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Discover the secret of childhood from 0-3 year old:

Work & Play

We cook this dish every monday

Monday, November 19th, 2012 6:03 am | By Stephanie Woo

Every Monday, I cook a traditional Taiwanese dish, called 魯肉飯. It’s like spaghetti bolognese, except we use soy sauce instead of tomato sauce, shallots instead of onion and we eat it over rice instead of spaghetti. We also put hard-boiled eggs in it. Every Monday afternoon, you’ll find B and M in the kitchen helping me do the following:


After cutting off the ends of the shallot, I hand them over to M, who loves to peel pretty much anything


After she finishes peeling them, she puts them in the food processor for dicing later on


She picks up the cutting board with all the shallot skin…


and throws them in the dirty dish basket (this is where they put all their dirty dishes and food-related trash)

Later on in the afternoon, B and M help me peel the hard-boiled eggs that go into this dish


M helps me put cinnamon sticks and other spices into the pot


Time to eat dinner! It’s no accident – their favorite foods are the ones they help cook!

魯肉飯 Recipe

6 shallots – peeled and finely diced

4 shitake mushrooms – soaked and diced, separate mushroom and the mushroom water

1.5 pounds ground pork

6 hard-boiled eggs

oil for sauteeing

4 tbsp soy sauce, 3 tbsp rice wine, 2 cinnamon sticks, 1 tsp five spice powder, 3 star anise, handful of rock sugar

Add 2 tbsp oil in wok. Add shallots and saute for 20 minutes on low heat, making sure it doesn’t brown. Remove from wok. Put mushrooms in wok with 3 tbsp of oil, sautee, then add 1 tsp salt and sautee some more. Add shallots and ground pork. Add soy sauce, rice wine and sautee till most of the pork is brown. Add 5 cups water. Add mushroom water. The water should cover the meat, if it doesn’t, add enough water till it does. Let boil. Add cinnamon, five spice powder and star anise. Turn to low heat. Cook for 40 minutes. Add hard boiled eggs and handful of rock sugar. Cook for another 30 minutes. Serve hot over rice.

The Hands are the Instrument of Man’s Intelligence

Wednesday, April 11th, 2012 3:54 pm | By Stephanie Woo

Montessori believed the hands were the instrument of man’s intelligence.

I’ve been looking for the best way for my kids to use their hands in different ways. In our house, we never sit to learn ABCs or 123s, instead, we clean! If you have children, you know what it’s like to clean up after them. It’s a constant affair.  Since Montessori believed that our job as parents is to be their educators, not their slaves, rather than cleaning up after them all the time, I’ve been teaching them to clean up after themselves.  How on earth am I making this work, you ask? Well, the only reason is because children love to clean when given the chance!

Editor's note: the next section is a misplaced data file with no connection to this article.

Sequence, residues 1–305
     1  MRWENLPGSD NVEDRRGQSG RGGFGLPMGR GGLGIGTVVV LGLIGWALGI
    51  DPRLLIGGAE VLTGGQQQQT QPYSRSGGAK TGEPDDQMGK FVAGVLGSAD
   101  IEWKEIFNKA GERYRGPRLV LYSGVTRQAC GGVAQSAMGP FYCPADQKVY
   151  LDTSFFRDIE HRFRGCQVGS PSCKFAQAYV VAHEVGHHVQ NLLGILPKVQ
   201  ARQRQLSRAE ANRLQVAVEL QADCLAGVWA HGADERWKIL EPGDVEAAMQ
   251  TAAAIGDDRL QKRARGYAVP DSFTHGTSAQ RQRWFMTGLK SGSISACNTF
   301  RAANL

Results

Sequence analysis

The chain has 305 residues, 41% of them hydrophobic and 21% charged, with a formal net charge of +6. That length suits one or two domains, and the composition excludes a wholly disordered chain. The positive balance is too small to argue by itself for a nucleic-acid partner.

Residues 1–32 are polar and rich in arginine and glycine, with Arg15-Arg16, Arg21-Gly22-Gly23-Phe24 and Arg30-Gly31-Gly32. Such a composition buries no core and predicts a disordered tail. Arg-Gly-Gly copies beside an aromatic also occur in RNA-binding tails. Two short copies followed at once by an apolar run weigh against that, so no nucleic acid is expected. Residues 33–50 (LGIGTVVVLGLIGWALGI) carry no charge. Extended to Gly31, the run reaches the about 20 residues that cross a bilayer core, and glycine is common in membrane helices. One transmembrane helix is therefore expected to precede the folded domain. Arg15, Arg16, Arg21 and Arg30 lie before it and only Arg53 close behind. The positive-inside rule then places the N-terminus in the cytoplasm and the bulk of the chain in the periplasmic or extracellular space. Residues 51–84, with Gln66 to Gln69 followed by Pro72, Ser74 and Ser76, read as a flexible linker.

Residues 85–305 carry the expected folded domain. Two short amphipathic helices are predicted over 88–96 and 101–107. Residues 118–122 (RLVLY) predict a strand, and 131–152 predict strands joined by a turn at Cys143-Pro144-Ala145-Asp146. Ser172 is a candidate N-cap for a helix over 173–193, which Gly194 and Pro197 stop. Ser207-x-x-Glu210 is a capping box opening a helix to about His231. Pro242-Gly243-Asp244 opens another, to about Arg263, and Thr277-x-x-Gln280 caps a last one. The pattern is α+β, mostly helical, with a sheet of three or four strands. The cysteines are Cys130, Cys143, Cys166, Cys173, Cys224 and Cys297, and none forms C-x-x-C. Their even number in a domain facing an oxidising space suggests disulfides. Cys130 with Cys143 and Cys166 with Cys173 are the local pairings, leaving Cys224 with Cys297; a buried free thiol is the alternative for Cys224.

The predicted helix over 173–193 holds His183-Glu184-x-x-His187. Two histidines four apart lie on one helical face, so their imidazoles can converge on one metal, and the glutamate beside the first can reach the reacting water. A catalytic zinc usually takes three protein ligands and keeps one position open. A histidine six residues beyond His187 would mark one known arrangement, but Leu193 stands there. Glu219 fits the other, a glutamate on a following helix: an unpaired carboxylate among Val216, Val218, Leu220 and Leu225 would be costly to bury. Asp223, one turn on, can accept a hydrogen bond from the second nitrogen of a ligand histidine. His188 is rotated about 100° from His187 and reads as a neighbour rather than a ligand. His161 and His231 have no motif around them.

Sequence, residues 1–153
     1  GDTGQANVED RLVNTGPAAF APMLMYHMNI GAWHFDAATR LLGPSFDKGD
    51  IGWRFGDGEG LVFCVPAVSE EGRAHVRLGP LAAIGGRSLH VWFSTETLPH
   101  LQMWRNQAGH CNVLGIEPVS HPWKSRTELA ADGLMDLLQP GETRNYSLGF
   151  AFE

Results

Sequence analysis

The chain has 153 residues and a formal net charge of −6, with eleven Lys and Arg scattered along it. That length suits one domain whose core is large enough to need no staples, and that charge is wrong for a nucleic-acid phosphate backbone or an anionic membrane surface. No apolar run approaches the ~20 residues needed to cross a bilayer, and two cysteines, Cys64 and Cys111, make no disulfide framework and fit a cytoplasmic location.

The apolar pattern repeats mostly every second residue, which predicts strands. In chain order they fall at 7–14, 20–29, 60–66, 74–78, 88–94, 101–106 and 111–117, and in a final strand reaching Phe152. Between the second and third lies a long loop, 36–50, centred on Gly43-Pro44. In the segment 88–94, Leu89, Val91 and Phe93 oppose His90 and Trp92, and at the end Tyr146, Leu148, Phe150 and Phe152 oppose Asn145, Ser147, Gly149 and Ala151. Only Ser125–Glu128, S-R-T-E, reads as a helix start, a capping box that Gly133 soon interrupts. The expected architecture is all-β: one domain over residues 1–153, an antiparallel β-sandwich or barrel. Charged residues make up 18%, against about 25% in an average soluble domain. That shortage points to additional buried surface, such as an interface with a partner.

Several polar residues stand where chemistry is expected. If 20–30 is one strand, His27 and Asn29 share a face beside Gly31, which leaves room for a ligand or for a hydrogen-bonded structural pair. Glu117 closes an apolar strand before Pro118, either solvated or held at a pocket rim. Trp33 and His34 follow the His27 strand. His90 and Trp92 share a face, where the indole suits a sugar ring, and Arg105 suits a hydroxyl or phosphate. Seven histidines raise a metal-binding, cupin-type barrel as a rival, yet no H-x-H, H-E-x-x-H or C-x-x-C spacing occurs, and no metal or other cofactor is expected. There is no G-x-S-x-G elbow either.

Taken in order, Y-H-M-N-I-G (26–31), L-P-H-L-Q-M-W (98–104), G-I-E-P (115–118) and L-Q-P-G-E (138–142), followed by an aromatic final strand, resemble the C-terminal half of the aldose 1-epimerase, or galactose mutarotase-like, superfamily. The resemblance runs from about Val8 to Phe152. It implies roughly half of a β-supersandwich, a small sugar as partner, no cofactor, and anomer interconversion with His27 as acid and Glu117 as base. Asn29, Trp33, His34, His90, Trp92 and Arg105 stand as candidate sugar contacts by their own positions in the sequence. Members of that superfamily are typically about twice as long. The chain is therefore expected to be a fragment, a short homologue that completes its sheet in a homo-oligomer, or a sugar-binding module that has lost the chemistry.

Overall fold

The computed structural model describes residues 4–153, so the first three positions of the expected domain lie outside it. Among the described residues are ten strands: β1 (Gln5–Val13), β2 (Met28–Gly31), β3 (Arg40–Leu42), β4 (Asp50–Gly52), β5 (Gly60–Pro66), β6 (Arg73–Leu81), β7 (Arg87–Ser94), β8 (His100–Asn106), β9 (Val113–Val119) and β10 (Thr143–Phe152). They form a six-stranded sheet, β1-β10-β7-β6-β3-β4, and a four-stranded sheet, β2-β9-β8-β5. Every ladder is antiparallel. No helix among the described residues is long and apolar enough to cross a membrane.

Brooke loves to wipe so much that she will spill her milk on the couch deliberately so she can get a tissue, wipe up the spill, then throw away the tissue. She does this every morning.

Here she is wiping up the spill on the floor.

And again wiping the table with a rag after she eats.

Here is a video of Mackenzie when she just turned 14 months –

Children at this age can also help put toys away, set the table, clean up the table, throw things away in the garbage. I just introduced them to window-cleaning with a squirt bottle and squeegee. Get them involved and show them how it’s done. It still amazes me what they can do.

This Is How We Make A Smoothie Together

Thursday, February 23rd, 2012 6:10 pm | By Stephanie Woo

We start by cutting up the bananas with small knives with round heads from IKEA

Then we put the pieces of bananas into the blender

We add some frozen blueberries and cherries. Brooke is trying to cut the cherry too.

We take a look at all the things in the blender before we blend it up!

We sit at our table to drink the delicious smoothie

God, that is sooo good!

Gimme some more!

Brooke tipped the cup into her mouth over and over trying to get that last drop till there was absolutely nothing left!

And that is how it’s done, people!